Either way, at the heart of a great partnership is chemistry. It’s worth saying that many great job share pairs aren’t friends out of work, and wouldn’t naturally socialise together – a pal isn’t necessarily a good option. But you need to like each other, to ‘click’. And you’ll only know that by spending time together. Don’t leap into a partnership (more below on testing a potential pairing.)
Where are they?
Finding a partner can feel like a huge obstacle to overcome. We know that many are put off from sharing because of the difficulty of finding someone. But actually, it doesn’t need to be tricky at all.
As we said above, our matching wall is a great place to start. We are connecting people from our growing list of candidates who are looking for a job share pair and a role. Get involved here.
But don't forget to use your network to put the word out too!
Many sharers have found their pair through informal work networks, social networks, or through friends. Don’t hesitate to put the word out. A simple email setting out your desire to job share, the kinds of roles you’re are looking for (giving a salary ballpark which indicates your level of seniority, without reveal your exact salary), and the ballpark skills and experience of your perfect pair. Ask them to forward it to anyone who might be a potential fit.
An initial chat
When you have found a list of potential partners, then you should just get to know one another. Email, go for a coffee, have an informal chat. Don’t put too much pressure on the conversation, see whether it clicks. You will likely start by talking about your backgrounds, interests, and reasons for considering job-sharing.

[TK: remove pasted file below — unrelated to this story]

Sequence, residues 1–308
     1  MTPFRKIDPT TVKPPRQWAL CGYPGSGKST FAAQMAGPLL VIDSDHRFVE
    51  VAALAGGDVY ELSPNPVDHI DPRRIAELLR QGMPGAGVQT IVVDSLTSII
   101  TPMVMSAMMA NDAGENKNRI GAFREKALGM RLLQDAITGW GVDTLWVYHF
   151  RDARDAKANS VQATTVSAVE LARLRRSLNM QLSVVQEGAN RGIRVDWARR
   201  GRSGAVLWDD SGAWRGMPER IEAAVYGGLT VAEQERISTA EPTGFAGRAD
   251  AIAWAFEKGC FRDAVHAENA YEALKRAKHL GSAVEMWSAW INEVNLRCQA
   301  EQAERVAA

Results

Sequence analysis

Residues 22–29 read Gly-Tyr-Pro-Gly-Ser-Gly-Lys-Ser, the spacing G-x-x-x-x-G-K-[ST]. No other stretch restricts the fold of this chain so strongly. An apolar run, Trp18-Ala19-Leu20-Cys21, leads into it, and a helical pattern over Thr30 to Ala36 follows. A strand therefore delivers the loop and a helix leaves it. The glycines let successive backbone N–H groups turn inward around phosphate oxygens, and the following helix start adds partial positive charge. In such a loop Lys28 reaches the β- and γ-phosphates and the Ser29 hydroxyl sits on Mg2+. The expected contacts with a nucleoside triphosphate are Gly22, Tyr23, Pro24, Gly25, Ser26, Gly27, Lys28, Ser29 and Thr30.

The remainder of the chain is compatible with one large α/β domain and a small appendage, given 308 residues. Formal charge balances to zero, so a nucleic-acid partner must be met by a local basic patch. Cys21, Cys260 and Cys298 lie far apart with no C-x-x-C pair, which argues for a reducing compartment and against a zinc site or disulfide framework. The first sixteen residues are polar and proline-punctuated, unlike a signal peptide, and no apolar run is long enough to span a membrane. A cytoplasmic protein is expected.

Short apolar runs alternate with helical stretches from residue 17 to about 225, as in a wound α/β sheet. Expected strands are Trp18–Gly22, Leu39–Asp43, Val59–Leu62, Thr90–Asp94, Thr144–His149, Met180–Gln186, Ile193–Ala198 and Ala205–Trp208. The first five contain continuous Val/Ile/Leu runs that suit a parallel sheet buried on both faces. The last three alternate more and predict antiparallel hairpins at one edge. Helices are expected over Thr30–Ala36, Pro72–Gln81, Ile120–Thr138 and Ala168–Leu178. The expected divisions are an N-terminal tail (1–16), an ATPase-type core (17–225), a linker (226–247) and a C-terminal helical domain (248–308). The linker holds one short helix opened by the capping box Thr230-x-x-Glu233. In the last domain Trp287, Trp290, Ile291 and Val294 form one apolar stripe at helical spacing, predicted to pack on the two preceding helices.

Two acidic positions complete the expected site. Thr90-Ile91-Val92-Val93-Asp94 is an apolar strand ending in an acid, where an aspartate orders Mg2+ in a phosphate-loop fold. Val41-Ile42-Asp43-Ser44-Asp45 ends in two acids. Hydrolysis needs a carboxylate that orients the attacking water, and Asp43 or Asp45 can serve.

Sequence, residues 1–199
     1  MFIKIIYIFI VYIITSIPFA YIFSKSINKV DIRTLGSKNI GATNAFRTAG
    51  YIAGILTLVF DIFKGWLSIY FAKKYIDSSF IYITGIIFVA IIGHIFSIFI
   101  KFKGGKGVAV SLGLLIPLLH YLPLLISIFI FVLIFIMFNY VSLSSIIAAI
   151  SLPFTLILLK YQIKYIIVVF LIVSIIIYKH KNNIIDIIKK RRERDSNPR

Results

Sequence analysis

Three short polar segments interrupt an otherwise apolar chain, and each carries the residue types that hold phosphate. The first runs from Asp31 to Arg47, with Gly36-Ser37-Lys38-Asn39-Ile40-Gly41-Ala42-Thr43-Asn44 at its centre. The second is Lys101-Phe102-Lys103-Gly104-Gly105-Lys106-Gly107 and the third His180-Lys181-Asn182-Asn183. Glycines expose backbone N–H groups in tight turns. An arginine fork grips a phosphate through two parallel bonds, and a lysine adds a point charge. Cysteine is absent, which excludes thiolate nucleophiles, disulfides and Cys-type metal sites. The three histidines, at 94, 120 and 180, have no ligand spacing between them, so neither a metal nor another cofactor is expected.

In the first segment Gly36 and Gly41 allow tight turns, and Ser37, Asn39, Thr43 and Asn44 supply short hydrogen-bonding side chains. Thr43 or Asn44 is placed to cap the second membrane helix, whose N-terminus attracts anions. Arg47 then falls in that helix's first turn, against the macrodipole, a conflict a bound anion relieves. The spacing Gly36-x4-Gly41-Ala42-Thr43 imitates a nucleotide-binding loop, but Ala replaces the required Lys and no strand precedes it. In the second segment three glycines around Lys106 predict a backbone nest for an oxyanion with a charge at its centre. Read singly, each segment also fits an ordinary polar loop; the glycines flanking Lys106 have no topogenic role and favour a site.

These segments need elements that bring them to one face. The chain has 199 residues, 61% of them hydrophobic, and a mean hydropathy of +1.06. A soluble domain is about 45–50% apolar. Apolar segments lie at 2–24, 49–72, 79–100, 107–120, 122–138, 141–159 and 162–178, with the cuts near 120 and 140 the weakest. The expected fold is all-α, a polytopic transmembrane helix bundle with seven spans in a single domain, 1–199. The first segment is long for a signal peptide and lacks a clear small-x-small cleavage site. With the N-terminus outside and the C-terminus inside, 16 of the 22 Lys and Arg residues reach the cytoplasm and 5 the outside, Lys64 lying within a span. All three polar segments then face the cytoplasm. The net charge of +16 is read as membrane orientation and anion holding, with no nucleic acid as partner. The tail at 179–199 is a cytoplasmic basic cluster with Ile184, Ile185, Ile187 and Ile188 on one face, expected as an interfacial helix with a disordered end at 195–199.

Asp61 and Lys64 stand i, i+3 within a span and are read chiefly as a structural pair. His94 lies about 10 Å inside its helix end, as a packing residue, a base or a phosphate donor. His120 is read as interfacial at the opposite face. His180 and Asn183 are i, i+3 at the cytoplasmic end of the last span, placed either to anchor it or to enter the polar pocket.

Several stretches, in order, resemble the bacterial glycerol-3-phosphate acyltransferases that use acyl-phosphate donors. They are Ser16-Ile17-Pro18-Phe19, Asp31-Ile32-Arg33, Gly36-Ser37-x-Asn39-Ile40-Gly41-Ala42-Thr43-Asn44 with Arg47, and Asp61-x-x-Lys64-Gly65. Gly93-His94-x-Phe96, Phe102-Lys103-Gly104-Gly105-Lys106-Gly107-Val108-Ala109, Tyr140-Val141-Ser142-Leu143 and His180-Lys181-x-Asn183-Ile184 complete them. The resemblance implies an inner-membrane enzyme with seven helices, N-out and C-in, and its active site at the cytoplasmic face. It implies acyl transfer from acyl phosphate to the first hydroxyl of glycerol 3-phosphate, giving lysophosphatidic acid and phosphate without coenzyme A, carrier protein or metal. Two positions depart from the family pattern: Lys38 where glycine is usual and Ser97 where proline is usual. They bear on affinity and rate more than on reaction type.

But then you might want to use some prompts to fully explore the partnership. For example:
- If you have any experience of job-sharing (either personally, or working alongside a pair)
- What you’ve most enjoyed about your work to date (roles, of course, but a project, developing a skill, or a relationship)
- Similarly, you could talk about what you’ve most disliked at work
- What you hope to achieve in your career
- What makes a great relationship
- How you deal with conflict
- Your hopes for your partnership
- What you want for your life in the long term
You could share these before you meet, so that you have thought about your answers before meeting. You don’t have to – whichever you feel comfortable with is certainly right.
When should I look?
It's a good question. Finding a job share partner involves some effort and time. It would be crazy to do this while your just dipping your toe in, not sure if it's for you. But if you're seriously considering it, then we'd recommend getting on the case. Your applications will be stronger if make it as a pair. Not only because you are ready to employed, ready to deliver a role; but also because you can show in the application process how you will work as a pair, and how you’re jointly bring to the table more than a single employee ever could.
If you are already in the process of applying as an individual, but wanting to job share (or even already in post), don't panic - it is still perfectly possible to find a pair retrospectively.
So there you go - not too tricky. Your perfect job share partner is out there, and a little bit of work will find them. Good luck!